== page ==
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Flashcards in Respiratory Tract Infections: Tuberculosis Deck (13)

M. Tuberculosis

Infects 1/3 of global pop
8 million new cases each year
>2 million deaths per year
HIV has caused much of the recent increase



Mycobacterium tuberculosis causes TB,
Less commonly causes by M.bovis, M.africanum, M. Microts
M.tb most probably human adapted m.bovis
Have a resistant cell wall containing Mycotic acids-> resist destruction
Many harmless species in the environment
Obligate aerobes-> like tissues with high air conc
Facultative intra cellular pathogens-> infect mononuclear phagocytes
Slow growing-> 12-18h
Acid fast-> once stained resist decolorisation



Caused by mycobacterium leprae
Tuberculoid leprsoy-> common
Strong cellular immune response
Few bacilli lesions
Depigmented anaesthetic lesions
Lepromatous leprosy-> uncommon
Weak cellular immune response
Many bacilli in lesions
Thick granulomatous infections


Pathophysiology of m. Tuberculosis

Spread via airborne droplet nuclei-> can remain airborne for several hours-> inhaled-> lodge in alveoli->engulfed by macrophages
Slow replication and spread via lymph
In most individuals cell mediated immunity develops after 2-8 weeks
Activated T cells and macrophages form granulomas that limit infection spread-> bacterial cells which are sometimes viable remain here
Most individuals are asymptomatic and never develop the disease


Clinical features of TB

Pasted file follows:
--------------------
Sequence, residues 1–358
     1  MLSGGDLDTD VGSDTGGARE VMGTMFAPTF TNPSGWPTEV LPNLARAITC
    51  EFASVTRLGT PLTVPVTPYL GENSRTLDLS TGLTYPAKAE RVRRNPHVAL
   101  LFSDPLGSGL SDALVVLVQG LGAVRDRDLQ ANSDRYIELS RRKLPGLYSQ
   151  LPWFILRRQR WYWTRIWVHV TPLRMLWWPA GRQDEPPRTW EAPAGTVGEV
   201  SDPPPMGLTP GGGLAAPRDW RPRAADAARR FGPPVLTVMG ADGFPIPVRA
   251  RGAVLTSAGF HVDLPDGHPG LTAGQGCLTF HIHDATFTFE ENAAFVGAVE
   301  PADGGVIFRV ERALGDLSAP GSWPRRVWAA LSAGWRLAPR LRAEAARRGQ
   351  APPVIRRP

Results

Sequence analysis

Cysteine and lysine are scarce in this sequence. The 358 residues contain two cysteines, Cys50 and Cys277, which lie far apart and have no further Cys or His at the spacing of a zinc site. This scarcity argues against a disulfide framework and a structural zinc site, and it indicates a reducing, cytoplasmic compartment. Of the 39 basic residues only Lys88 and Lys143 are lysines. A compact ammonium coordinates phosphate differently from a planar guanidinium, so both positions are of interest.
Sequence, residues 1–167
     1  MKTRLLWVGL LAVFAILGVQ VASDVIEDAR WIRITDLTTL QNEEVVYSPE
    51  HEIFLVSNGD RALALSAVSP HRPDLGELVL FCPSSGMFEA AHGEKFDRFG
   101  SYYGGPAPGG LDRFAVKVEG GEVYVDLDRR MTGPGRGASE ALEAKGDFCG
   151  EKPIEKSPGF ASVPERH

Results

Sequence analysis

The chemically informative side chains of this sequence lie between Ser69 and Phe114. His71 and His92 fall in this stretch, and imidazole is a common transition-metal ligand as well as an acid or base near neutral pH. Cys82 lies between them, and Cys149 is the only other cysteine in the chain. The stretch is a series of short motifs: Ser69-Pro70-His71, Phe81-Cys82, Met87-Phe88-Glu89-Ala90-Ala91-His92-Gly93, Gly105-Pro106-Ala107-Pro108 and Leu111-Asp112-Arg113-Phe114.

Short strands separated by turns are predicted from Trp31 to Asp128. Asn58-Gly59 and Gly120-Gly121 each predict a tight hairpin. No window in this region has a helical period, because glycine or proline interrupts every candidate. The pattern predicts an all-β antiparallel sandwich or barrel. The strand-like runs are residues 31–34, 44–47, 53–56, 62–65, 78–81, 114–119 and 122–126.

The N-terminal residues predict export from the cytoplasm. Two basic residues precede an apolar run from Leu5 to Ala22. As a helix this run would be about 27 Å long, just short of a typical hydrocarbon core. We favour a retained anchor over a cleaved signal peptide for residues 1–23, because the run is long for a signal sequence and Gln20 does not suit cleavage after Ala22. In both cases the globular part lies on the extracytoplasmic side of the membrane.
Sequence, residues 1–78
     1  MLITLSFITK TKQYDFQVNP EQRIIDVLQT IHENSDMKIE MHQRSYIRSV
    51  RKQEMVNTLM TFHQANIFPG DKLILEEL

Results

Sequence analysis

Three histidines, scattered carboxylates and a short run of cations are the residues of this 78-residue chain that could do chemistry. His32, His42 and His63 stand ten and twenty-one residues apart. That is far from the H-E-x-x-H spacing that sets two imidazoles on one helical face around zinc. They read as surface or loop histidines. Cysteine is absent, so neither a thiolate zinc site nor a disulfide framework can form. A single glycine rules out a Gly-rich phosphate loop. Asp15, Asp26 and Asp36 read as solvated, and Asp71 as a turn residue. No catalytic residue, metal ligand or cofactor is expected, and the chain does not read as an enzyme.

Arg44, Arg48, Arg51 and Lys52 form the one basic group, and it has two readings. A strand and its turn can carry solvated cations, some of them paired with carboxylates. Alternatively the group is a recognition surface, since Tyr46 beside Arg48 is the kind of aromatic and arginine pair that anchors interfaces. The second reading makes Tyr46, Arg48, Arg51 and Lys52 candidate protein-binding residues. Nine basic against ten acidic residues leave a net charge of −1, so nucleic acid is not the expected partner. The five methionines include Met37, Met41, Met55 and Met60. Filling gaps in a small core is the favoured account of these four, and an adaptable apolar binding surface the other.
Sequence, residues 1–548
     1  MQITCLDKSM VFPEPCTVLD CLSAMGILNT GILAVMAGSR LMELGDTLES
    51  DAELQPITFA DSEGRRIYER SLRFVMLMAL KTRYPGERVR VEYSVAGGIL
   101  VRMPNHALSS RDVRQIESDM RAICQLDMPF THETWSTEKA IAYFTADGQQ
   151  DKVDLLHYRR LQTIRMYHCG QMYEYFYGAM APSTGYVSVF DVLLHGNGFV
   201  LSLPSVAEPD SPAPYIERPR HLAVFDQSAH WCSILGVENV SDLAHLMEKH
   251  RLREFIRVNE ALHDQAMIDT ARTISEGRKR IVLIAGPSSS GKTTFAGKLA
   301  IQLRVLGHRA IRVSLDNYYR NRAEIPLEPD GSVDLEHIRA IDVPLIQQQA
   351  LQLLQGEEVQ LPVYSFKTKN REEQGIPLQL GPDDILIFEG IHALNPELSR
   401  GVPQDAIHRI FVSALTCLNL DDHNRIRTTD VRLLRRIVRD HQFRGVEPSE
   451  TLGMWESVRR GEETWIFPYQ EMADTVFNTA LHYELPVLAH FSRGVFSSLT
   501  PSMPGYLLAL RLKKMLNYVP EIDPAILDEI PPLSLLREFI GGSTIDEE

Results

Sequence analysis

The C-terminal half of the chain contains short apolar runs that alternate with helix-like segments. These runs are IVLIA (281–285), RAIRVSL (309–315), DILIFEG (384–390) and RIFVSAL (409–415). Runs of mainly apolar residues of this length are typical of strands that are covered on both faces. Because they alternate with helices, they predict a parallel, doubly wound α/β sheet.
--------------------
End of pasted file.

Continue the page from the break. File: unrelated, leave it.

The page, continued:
Non specific symptoms-> night sweats, fever, weight loss
Respiratory symptoms-> cough, shortness of breath, haemostatsis, chest pain
Mainly pulmonary-> extra pulmonary tends to be in HIV +


Other infection sites of TB

CNS-> meningitis
Skin/soft tissue-> most common-> cervical lymphadenitis
Bone and joints
Genitourinary tract-> prostatic, arcnitis, renal lesions, infertility in women, sterile pyuria (WBC in urine)
Disseminated disease-> many organs involved simultaneously, primary progressive or re activation of latent infection, millet seed lesions on CXR


Diagnosis of TB

Early diagnosis increases survival and prevents spread
Category 3 pathogen-> potential for lab acquired infection-> category 3 lab
Broncho alveolar lavage
Use Ziehl-Neelson stain


TB microscopy

Culture in lowenstein-Jensen-> slow 2-8 weeks-> beige, dry, rough calories
Rapid culture-> 1-2 weeks-> mycobacteria growth indicator tube


Antibiotic sensitive tests

Performed in a reference lab
-> Rifampincin, isoniazid, pyazinamide, ethambutol
Important to detect resistance especially in multi drug resistant (Rifampincin and isoniazid)
Extensively drug resistance -> tuberculosis that is resistant to Rifampincin, isoniazid and to any quinolone and at least one second line anti TB agent


Genomic tests for mycobacteria

DNA probes
Rapid detection of Rifampincin resistance
Typing methods to confirm outbreaks


Treatment of pulmonary TB

Initial phase-> 2 months of 4 drugs-> Rifampicin, isoniazid, pyrazinamide, ethambutol
Continuation phase-> 4 months of Rifampicin and isoniazid
If resistance suspected 5 drugs may be used initially with longer courses


Prevention of TB

Early diagnosis and treatment
-> usually non infectious after 2 weeks of therapy
Contact tracing and detection of latent infection
-> tuberculin skin test, chest radiograph, invitro interferon gamma release tests
Contacts treated if evidence of infection
Notifiable disease



Bacillus calmette-guerin
Live attenuated M.bovis
Main role is protecting children from severe disease
Efficacy is 70% in Uk

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